Some daily events in the changing sky for February 1 9.
Comet Holmes is moving away from Algol, dimming and enlarging ever more. With the evening sky moonless this week, keep trying for it with binoculars and if you have a very dark sky, your unaided eyes. When will you last be able to detect it? Even as Holmes (probably) fades to invisibility, it will remain in the evening sky through April; chart.
Friday, February 1
To find your local sunrise time, make sure you've put your location into our online almanac (and make sure the Daylight Saving Time box is unchecked).
Saturday, February 2
Sunday, February 3
Monday, February 4
Tuesday, February 5
Wednesday, February 6
Thursday, February 7
Friday, February 8
Saturday, February 9
Want to become a better amateur astronomer? Learn your way around the constellations. They're the key to locating everything fainter and deeper to hunt with binoculars or a telescope. For an easy-to-use constellation guide covering the whole evening sky, use the big monthly foldout map in each issue of Sky & Telescope, the essential magazine of astronomy. Or download our free Getting Started in Astronomy booklet (which only has bimonthly maps).
Once you get a telescope, to put it to good use you'll need a detailed, large-scale sky atlas (set of maps; the standard is Sky Atlas 2000.0) and good deep-sky guidebooks (such as Sky Atlas 2000.0 Companion by Strong and Sinnott, the even more detailed Night Sky Observer's Guide by Kepple and Sanner, or the enchanting though increasingly dated Burnham's Celestial Handbook). Read how to use them effectively.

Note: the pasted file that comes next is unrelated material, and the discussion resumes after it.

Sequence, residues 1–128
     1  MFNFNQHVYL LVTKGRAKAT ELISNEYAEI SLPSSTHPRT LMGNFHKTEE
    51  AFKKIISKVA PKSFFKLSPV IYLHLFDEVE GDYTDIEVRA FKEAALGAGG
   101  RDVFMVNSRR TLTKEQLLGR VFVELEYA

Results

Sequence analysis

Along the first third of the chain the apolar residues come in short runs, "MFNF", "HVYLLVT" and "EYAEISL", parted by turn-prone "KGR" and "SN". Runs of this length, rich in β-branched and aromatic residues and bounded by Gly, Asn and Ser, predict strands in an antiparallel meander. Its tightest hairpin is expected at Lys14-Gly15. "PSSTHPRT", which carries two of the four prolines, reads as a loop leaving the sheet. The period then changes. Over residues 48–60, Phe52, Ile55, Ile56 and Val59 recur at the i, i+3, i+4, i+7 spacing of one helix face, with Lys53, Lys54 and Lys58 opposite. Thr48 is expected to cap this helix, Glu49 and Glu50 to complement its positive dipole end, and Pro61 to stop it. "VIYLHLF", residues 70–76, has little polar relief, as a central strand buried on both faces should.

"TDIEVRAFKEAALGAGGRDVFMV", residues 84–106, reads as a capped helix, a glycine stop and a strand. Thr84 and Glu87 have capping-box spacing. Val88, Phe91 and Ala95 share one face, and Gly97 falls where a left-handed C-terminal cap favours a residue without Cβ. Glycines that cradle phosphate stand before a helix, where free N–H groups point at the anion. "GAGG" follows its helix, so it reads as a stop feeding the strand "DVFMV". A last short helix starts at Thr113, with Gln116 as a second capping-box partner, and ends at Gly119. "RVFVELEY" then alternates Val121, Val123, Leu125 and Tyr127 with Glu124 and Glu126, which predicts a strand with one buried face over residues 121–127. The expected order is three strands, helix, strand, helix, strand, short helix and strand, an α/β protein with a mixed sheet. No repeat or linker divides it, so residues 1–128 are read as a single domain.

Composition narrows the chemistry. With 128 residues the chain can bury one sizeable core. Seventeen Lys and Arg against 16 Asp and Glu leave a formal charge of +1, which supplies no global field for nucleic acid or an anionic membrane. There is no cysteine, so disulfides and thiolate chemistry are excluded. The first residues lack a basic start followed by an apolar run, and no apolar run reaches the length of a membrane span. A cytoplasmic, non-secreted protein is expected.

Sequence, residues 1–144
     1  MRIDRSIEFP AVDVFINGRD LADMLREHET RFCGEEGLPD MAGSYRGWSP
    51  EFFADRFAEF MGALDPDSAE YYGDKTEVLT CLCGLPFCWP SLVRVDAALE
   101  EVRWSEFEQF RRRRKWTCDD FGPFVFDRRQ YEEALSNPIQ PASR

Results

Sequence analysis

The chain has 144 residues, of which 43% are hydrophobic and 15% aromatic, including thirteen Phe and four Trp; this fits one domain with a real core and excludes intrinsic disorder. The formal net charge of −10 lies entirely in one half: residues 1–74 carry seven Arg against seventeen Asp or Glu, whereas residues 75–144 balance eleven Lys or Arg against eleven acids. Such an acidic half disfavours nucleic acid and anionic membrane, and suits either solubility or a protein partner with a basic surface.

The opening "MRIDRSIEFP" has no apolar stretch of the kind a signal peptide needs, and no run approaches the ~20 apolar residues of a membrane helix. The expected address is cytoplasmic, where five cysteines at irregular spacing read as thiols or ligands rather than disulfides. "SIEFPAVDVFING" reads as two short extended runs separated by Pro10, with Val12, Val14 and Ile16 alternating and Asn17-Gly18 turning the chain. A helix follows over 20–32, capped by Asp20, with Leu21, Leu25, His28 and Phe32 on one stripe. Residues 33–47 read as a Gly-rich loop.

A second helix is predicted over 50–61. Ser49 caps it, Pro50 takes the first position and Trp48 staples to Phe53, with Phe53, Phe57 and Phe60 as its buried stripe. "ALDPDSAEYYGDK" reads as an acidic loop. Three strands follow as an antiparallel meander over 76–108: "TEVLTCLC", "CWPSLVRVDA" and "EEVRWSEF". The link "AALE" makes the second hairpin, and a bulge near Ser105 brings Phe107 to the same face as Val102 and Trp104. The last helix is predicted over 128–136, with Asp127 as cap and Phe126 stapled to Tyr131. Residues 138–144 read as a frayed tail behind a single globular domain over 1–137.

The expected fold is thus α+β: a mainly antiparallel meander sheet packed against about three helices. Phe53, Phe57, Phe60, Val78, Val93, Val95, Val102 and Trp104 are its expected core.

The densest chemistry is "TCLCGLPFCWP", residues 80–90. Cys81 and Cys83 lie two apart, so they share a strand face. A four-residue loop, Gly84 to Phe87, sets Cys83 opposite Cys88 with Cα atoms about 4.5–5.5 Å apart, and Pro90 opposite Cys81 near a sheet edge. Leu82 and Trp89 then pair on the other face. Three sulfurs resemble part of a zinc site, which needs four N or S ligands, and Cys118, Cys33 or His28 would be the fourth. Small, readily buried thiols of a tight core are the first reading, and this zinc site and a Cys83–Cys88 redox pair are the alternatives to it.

More beginners' tips: "How to Start Right in Astronomy".
This Week's Planet Roundup
Mercury has disappeared into the Sun's glare.
Venus and Jupiter (magnitudes 3.9 and 1.9, in Sagittarius) are the two "Morning Stars" low in the southeast during dawn. The brighter one is Venus. After their February 1st conjunction, Jupiter starts climbing away from Venus day by day. On Saturday morning, Feb. 2nd, they're still just 1.1° or 1.2° apart, but by the 9th they widen to 8° apart.
Mars (about magnitude 0.4, in eastern Taurus) shines very high in the southeast to south during evening, high above Orion. The fairly bright star near it is Beta (β) Tauri, also known as El Nath, magnitude +1.6 and pale blue-white. In a telescope, Mars diminishes from 11.9 to 11.0 arcseconds in apparent diameter this week. See the telescopic observing guide and surface-feature map in the November Sky & Telescope, page 66, or the short version online.
Saturn (magnitude +0.4, in Leo) rises in the east around 7 p.m. and is highest in the south after midnight. Fainter Regulus (magnitude +1.4) is 7° west of Saturn: to its upper right after they rise. Only a little dimmer than Regulus is Gamma (γ) Leonis (magnitude +2.1), located 8° to Regulus's north. The three make an eye-catching triangle.
Uranus and Neptune are lost in the glow of dusk.
Pluto (magnitude 14.0, in Serpens Cauda) is low in the southeast just before dawn.
All descriptions that relate to your horizon or zenith including the words up, down, right, and left are written for the world's midnorthern latitudes. Descriptions that also depend on longitude (mainly Moon positions) are for North America. Eastern Standard Time (EST) equals Universal Time (UT, UTC, or GMT) minus 5 hours.
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